At an immature age I chose to study for the priesthood. and I would like to put on record my thanks for the more generous and open-handed aspects of that training. It was not, however, an education designed to encourage a callow young man to achieve full maturity as a sentient and generous male adult. I was too innocent to understand that the education to make me a celibate strayed easily into stereotyping half of my species – women – as a perilous massed threat to priestly purity; or that the attendant emotional dwarfing could create, encourage or license the young men whose abusive tendencies are mourned in this novel.

I so wanted to read the novel that this seems to promise. But I was disappointed: those young men make no appearance except as manipulators lifted straight from Keneally’s evidently punctilious research. No light is shed on their motivations as individual, breathing human beings. And the same is only slightly less true of the survivors.

From my 70th birthday party

The party to celebrate my 70th birthday on Friday was, among other things, a kind of talent show: people sang, recited poetry, did classroom activities, sketched, knitted socks and conducted a blindfold taste test. (I make no bones about hating eggplant, baba ghanouj excepted, and one of my sons blindfolded me and offered me five variants of the loathsome stuff: I’m glad to report I hated them all, sight unseen.)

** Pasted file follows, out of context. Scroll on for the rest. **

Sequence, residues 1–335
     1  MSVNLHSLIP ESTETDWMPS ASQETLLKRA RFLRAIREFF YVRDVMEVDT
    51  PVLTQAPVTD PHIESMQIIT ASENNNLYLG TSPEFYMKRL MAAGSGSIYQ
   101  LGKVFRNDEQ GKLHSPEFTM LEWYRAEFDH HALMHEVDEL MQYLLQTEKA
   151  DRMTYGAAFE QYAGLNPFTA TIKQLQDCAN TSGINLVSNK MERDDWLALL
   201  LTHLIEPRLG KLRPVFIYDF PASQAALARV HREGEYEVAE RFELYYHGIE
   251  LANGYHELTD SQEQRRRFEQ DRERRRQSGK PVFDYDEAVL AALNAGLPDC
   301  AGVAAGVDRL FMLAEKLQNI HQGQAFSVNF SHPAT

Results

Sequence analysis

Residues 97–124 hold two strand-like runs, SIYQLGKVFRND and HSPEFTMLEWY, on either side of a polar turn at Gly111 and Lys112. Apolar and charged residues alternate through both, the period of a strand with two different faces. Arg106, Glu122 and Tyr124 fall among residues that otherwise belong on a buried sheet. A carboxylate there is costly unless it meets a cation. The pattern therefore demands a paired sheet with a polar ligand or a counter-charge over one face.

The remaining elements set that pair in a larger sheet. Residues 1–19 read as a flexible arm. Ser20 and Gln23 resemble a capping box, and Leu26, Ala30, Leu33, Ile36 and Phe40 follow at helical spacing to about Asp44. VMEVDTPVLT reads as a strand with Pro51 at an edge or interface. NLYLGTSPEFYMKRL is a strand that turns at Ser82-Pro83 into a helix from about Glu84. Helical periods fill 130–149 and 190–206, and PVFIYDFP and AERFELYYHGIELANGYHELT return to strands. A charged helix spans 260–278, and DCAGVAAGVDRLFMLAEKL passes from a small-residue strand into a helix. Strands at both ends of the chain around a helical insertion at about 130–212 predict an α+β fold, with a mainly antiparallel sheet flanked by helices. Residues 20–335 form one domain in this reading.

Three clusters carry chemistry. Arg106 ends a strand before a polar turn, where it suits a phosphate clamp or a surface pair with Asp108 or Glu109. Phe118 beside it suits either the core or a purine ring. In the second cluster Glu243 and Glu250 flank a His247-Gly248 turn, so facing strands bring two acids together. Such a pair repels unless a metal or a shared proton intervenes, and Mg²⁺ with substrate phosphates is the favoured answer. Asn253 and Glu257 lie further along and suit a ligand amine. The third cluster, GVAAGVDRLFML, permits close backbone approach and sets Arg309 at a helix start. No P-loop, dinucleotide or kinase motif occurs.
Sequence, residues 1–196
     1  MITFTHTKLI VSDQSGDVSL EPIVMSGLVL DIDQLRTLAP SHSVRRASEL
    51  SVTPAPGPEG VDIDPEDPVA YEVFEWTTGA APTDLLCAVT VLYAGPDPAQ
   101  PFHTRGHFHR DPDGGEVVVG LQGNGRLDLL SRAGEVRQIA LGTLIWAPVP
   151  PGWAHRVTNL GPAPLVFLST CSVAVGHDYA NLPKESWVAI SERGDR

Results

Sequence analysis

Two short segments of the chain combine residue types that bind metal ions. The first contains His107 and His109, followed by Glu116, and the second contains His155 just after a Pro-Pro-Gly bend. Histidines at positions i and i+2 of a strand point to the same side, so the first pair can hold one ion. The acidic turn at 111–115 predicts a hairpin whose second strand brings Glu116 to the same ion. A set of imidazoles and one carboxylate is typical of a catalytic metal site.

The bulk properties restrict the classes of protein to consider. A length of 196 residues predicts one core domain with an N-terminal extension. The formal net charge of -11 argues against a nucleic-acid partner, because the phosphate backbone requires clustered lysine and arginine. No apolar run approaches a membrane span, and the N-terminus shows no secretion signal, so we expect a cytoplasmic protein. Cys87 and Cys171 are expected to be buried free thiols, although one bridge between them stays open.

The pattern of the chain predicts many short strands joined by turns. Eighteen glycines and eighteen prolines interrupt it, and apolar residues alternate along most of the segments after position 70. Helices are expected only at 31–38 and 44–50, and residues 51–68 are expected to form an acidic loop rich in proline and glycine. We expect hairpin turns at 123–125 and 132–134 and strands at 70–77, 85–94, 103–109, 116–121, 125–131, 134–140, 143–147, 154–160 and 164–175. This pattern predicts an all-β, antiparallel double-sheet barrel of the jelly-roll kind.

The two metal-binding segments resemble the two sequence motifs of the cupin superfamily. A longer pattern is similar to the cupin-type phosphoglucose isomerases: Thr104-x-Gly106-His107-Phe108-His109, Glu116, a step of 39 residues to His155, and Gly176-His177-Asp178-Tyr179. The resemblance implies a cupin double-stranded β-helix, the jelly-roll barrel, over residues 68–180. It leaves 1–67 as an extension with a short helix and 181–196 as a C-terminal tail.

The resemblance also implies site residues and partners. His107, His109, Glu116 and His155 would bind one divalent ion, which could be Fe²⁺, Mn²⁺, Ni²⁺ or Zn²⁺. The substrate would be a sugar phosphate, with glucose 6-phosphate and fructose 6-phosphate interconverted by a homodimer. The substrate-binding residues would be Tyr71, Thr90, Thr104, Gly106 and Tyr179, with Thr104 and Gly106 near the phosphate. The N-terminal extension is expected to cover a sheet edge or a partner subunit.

Most of the splendid creations were very much of the moment, but I have Tristan White’s permission to share this, which his mother read in his absence.

From Chifley to Turnbull – 70 Years of PMs

In seventy years you’ve seen many a prime minister,
the great and the average and the downright sinister.
You probably remember them but if you’re out of the loop,
let me flash back so that you can recoup.

You were born under pipe-toting Benedict Chifley,
who had his time up by far too swiftly.
The Bathurst train driver, the ‘Light on the Hill‘,
a ‘fine Aussie‘ that Labor cherish still.

Then began a Liberal fraternity,
twenty-three years was about an eternity.
For sixteen Robert Menzies took up the rein,
winning eight elections in his own name.
British to the bootstraps! English to the eye!’
And he’d love the Queen till the day he’d die.

Sir Bob finally stood down to give Harold Holt way,
to follow the lead of LBJ.
He added a new set of coins to the mix
on the fourteenth of February sixty-six.
But just as his second anniversary neared,
he went for a dip and then disappeared.
We looked for him all across the seas,
and theorised some conspiracies,
but we knew before long that his prospects were grim,
so we instead had a swimming pool named after him.

The Liberals then voted in Senator Gorton,
but just three years later they chose to deport him.

Billy McMahon had failed to impress
except for the crack in his wife Sonia’s dress.
It was definitely Time in ‘seventy-two,